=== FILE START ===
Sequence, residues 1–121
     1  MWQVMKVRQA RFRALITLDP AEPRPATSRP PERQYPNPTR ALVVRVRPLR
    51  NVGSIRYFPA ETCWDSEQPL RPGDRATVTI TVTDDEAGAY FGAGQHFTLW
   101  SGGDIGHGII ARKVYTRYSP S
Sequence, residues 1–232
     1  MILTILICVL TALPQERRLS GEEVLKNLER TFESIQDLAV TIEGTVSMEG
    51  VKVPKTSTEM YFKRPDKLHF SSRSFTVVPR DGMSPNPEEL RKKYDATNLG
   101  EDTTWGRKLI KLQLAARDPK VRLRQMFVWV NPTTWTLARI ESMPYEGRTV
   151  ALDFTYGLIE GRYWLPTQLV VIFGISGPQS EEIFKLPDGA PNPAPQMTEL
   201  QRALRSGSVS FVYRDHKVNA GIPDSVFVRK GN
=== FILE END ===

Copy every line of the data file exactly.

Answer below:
Sequence, residues 1–121
     1  MWQVMKVRQA RFRALITLDP AEPRPATSRP PERQYPNPTR ALVVRVRPLR
    51  NVGSIRYFPA ETCWDSEQPL RPGDRATVTI TVTDDEAGAY FGAGQHFTLW
   101  SGGDIGHGII ARKVYTRYSP S
Sequence, residues 1–232
     1  MILTILICVL TALPQERRLS GEEVLKNLER TFESIQDLAV TIEGTVSMEG
    51  VKVPKTSTEM YFKRPDKLHF SSRSFTVVPR DGMSPNPEEL RKKYDATNLG
   101  EDTTWGRKLI KLQLAARDPK VRLRQMFVWV NPTTWTLARI ESMPYEGRTV
   151  ALDFTYGLIE GRYWLPTQLV VIFGISGPQS EEIFKLPDGA PNPAPQMTEL
   201  QRALRSGSVS FVYRDHKVNA GIPDSVFVRK GN